Evaluate Usability Heuristics
Consider the basic heuristics in a heuristic evaluation. A heuristic evaluation is a list of design rules of thumb that rely on conventions, standards, and best practices to improve a product’s overall usability. These design principles include such things as error prevention—minimizing the opportunity for users to make slips or mistakes. The goal is to make sure that, taking the many usability heuristics in mind, the core ones were considered.
Analyze the Number of Steps in User Flows
Count the number of interaction steps it takes to achieve each goal previously defined for each segment (each swipe, tap, and hover should be counted as a step). Consider how the number of steps and complexity of the task affects the user. Nothing is a given and everything should be questioned. “Does the user really need to tap into this field before filling it out?”
Evaluate the App Structure
Consider where features live in the app and how easy it is to switch between one feature and another. This is especially relevant for some user segments and their goals. For example, whatever users engage with in the app may live in two or more sections, even if switching between the two is infrequent.
Take note of how data objects, such as items in a cart, system preferences, and notifications are handled across various areas within the product. Are users spending a lot of time in one section of an app and missing important notifications from another? Are users losing cart items when they hit the “back” button and then abandoning their cart in frustration? Leveraging a customer journey map may help align data analytics findings across multiple touchpoints within a product.
A UX analysis should reveal problem areas that can be rethought and influence future design updates. The success of these updates can be measured by comparing changes in user data and running subsequent UX analysis.
Improve the Data
Consider the success metric the team analyzed and formulate a hypothesis on how to improve it. An example could be, “streamlining the signup process and reducing the number of steps in the flow will result in a higher conversion rate.” The number of steps a user must take to complete a task often corresponds to their satisfaction with the quality of the experience.
Based on this hypothesis, the designer would redesign the signup process to have fewer steps. Compare the number of steps in the original flow to the revised user flow. The team can then validate the hypothesis by analyzing any change in conversion rates with the newer flow.
Simplify the Design
Another way to gauge success is to consider whether more elements were removed than added, such as text or entire screens. A simpler interface is generally clearer and easier to understand and use.
Perfection is achieved not when there is nothing more to add, but when there is nothing left to take away – Antoine de Saint-Exupéry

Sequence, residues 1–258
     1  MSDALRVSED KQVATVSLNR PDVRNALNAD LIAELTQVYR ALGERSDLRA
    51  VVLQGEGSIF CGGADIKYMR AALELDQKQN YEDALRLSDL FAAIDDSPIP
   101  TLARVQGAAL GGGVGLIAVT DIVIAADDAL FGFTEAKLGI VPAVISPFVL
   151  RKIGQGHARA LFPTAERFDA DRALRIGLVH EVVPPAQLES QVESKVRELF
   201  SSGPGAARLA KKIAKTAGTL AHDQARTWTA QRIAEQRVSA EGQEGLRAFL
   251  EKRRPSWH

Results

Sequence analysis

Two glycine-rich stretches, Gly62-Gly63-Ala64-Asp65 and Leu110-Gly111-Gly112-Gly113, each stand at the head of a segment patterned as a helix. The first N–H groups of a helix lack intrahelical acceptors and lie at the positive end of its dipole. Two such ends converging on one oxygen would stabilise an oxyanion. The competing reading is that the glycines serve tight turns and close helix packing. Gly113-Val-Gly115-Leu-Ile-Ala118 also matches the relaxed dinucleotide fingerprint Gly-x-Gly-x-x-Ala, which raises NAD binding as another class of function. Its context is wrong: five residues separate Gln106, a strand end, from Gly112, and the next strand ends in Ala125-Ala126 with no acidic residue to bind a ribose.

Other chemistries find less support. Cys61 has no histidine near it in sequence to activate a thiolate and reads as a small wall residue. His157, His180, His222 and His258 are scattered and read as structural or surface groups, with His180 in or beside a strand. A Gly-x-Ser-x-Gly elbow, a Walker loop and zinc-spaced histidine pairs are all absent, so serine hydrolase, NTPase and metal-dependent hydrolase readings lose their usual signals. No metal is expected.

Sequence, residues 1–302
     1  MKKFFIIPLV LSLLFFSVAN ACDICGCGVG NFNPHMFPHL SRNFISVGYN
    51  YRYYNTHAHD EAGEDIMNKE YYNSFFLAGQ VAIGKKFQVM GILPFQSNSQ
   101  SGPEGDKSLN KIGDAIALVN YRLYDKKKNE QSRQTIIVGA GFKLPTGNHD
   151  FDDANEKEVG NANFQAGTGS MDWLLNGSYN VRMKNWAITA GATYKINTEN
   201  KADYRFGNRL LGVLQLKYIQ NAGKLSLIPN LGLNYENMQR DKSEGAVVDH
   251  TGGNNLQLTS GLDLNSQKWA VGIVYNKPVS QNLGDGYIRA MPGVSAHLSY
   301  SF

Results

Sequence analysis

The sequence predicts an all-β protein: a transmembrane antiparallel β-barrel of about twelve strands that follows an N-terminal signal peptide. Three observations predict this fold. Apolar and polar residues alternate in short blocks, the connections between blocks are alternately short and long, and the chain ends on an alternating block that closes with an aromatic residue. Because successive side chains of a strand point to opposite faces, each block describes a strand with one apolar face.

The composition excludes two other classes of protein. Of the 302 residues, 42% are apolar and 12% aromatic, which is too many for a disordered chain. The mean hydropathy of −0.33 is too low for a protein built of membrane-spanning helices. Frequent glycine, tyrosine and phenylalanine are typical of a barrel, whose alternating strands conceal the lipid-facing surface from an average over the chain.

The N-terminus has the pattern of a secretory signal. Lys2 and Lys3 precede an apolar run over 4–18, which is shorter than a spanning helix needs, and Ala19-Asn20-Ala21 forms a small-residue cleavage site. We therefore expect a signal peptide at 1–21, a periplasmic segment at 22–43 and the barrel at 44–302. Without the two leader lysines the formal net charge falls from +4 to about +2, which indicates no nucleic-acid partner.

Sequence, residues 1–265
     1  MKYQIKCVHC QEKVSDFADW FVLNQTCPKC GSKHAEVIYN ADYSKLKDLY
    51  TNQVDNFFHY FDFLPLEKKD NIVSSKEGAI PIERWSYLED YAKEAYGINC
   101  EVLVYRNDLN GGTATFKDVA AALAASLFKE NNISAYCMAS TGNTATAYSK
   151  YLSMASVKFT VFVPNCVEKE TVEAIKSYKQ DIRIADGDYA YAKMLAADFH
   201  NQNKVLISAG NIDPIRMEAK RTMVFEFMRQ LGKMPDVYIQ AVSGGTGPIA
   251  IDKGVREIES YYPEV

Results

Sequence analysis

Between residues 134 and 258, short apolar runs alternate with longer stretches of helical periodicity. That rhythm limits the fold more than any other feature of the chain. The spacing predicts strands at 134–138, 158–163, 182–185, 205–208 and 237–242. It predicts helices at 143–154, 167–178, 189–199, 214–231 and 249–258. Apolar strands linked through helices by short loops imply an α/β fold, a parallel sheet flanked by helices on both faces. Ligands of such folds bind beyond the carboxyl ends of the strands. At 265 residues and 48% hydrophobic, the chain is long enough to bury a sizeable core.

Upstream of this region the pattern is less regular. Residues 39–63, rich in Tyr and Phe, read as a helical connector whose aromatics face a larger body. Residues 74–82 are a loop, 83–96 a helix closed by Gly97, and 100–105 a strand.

Adjust the Data Tracking
The ultimate goal of UX analysis is to discover opportunities that will make measurable improvements to the product. As the design is updated, it’s important to reconsider user interaction events being tracked in the team’s data analytics tool, such as clicks and conversions. When appropriate, add any new events to the tool so it can properly measure conversion and overall user retention differences once the changes are live.
The purpose of re-tackling a product’s user flow through a UX analysis is to quantifiably improve that product. This should be done on a regular basis, especially after big releases, in order to avoid waking up one day to a product that is cluttered and hard to use.
The most effective means of doing this is to identify key user segments and gain empathy with those users. As a designer, it’s easy to get lost in a product and lose perspective. Empathy breaks through natural limitations and a designer’s cognitive biases. Remember the old adage: “You are not the user.”
There are many angles to consider when doing an actual UX analysis, but at its heart, it’s about simplifying everything as much as possible and reducing the number of steps it takes for a user to reach their goal.
Analyzing the product’s user flow and overall UX will allow designers to discover many pain points and frustrations—to walk a mile in the users’ shoes—and uncover opportunities that will improve the product’s user experience overall.
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Further Reading on the Toptal Design Blog:
Understanding the basics
A user flow is a step-by-step visualization of the user’s needs and expectations as they use a digital product.
UX is all aspects of a system (website, app, product, service, community, etc.) as experienced by users. Whether a product is useful is defined in terms of utility as well as usability. Utility provides the features people need; usability is how easy and pleasant those features are to use.
Usability testing resembles regression testing done as a software test after a release to ensure that the features that already existed are working as they should.
Analyzing the product’s user-flow and overall UX will allow designers to discover many pain points and frustrations—to walk a mile in the users’ shoes and uncover opportunities that will improve the product’s user experience overall.